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How does Shakespeare use Laertes as a parallel to Hamlet in the play?

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How does Shakespeare use Laertes as a parallel to Hamlet in the play? Hamlet is a story of revenge and of the way the characters in the play respond to their grief and the demands of loyalty from the deceased. Laertes is presented as a parallel character to Hamlet and provides a pivotal point on which to compare the actions and emotions of Hamlet throughout the play. Hamlet and Laertes are two young men faced with avenging their fathers' deaths. However, the way that they both react to their grief and how they rise to the call of vengeance is the main contrast between them. While Hamlet is a man of thought; Laertes is a man of action. Hamlet is introduced as a mourning son, greatly troubled by the recent marriage of his mother to his uncle. The audience immediately establishes a connection with this character as he seems very unsure and vulnerable when confronting the ghost. Laertes, on the other hand is presented to the audience as a somewhat hollow and shallow character who gives his sister unfounded advice as to Hamlet's feelings towards her. ...read more.


When brought to the call of avenging their fathers' deaths, Laertes is fast to act, he wants revenge and he wants it immediately. His actions are rash, being based in anger, and Laertes is easily drawn into Denmark's corruption by Claudius. Claudius manipulates Laertes into becoming an ally to kill Hamlet. Laertes is confident of his abilities to regain honour through vengeance: "my revenge will come" the absolute certainty of the language tells the audience what kind of man he is. Contrasting to Laertes' quick response, Hamlet procrastinates. Although Hamlet wants to regain honour by avenging his father's death, he is dubious of his ability to complete what he promised to the ghost. For two months he procrastinates, and rebukes himself for doing so. Hamlet agonizes over what he is to do and how he is to avenge the murder of his father whilst Laertes acts on impulse and on a tryst with Claudius arising from the emotions of anger and revenge. Hamlet mulls over how he is going to act and defers action until his own procrastination disgusts him into acting. This does not mean, however that Hamlet is unable to act on impulse. ...read more.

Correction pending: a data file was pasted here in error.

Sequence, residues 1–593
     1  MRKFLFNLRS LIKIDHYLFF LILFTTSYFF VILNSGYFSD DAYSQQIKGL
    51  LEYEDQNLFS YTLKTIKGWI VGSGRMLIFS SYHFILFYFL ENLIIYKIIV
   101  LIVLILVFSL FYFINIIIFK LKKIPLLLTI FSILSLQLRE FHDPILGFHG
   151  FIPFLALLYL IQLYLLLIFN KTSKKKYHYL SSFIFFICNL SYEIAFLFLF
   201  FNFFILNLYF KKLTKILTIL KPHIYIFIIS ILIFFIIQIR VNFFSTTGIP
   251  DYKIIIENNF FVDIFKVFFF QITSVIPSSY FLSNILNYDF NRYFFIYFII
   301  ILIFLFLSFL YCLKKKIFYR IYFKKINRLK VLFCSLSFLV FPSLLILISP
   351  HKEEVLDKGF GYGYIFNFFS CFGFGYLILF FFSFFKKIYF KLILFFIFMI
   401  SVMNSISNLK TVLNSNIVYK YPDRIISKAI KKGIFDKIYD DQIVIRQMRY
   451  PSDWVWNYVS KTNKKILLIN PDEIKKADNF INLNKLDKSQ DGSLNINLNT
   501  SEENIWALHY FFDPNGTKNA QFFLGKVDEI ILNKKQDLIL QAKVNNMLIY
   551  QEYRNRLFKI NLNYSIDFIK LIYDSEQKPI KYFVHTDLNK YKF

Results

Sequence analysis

Indeed, it seems his thoughts that are revealed throughout the play are those of a scholar rather than soldier. The last scene of the play demonstrates more than any the true character of Fortinbras. He arrives at Elsinore, analyses the scene, then acts upon it. His action to avenge his father's death is carefully analysed and his plan executed, unlike Hamlet's continual pensiveness and illogical steps towards vengeance. Hamlet and Laertes represent inaction and action. Fortinbras, as a scholar and a soldier is the midpoint of these two extremes, his ability to reason and then act upon the reason has resulted in his assumption to the lands he sought to attain, and the throne he set out to avenge. Laertes' repentance, regret and forgiving nature at the end of the play show the audience another side of the hasty, headstrong character allowing him to be contrasted with Claudius who never repents or admits his sins, "words without thoughts, never to heaven go." Hamlet and Laertes not only succeed at avenging their fathers' murders but also exchange forgiveness before they die, leaving the audience with the final conclusion that Laertes is but another victim of the "incestuous, murderous, damned Dane", Claudius, and whose death is a tragedy in itself. - 1 - AS English Jo Maund 12TOP January 2002 ...read more.

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